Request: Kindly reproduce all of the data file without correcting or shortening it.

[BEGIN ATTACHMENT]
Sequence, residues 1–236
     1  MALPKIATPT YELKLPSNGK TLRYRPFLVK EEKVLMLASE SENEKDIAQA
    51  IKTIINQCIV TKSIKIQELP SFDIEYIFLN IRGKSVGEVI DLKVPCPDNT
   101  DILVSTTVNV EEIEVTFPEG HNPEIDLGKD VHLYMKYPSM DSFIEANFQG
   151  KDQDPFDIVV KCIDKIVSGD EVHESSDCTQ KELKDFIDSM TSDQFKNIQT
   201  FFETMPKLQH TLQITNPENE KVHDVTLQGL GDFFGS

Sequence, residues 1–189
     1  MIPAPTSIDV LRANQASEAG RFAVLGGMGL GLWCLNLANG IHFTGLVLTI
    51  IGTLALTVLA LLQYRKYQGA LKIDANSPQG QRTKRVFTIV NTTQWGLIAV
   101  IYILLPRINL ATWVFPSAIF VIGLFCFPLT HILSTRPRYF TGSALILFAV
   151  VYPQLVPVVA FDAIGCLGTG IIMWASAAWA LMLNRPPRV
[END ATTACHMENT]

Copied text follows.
Sequence, residues 1–236
     1  MALPKIATPT YELKLPSNGK TLRYRPFLVK EEKVLMLASE SENEKDIAQA
    51  IKTIINQCIV TKSIKIQELP SFDIEYIFLN IRGKSVGEVI DLKVPCPDNT
   101  DILVSTTVNV EEIEVTFPEG HNPEIDLGKD VHLYMKYPSM DSFIEANFQG
   151  KDQDPFDIVV KCIDKIVSGD EVHESSDCTQ KELKDFIDSM TSDQFKNIQT
   201  FFETMPKLQH TLQITNPENE KVHDVTLQGL GDFFGS

Sequence, residues 1–189
     1  MIPAPTSIDV LRANQASEAG RFAVLGGMGL GLWCLNLANG IHFTGLVLTI
    51  IGTLALTVLA LLQYRKYQGA LKIDANSPQG QRTKRVFTIV NTTQWGLIAV
   101  IYILLPRINL ATWVFPSAIF VIGLFCFPLT HILSTRPRYF TGSALILFAV
   151  VYPQLVPVVA FDAIGCLGTG IIMWASAAWA LMLNRPPRV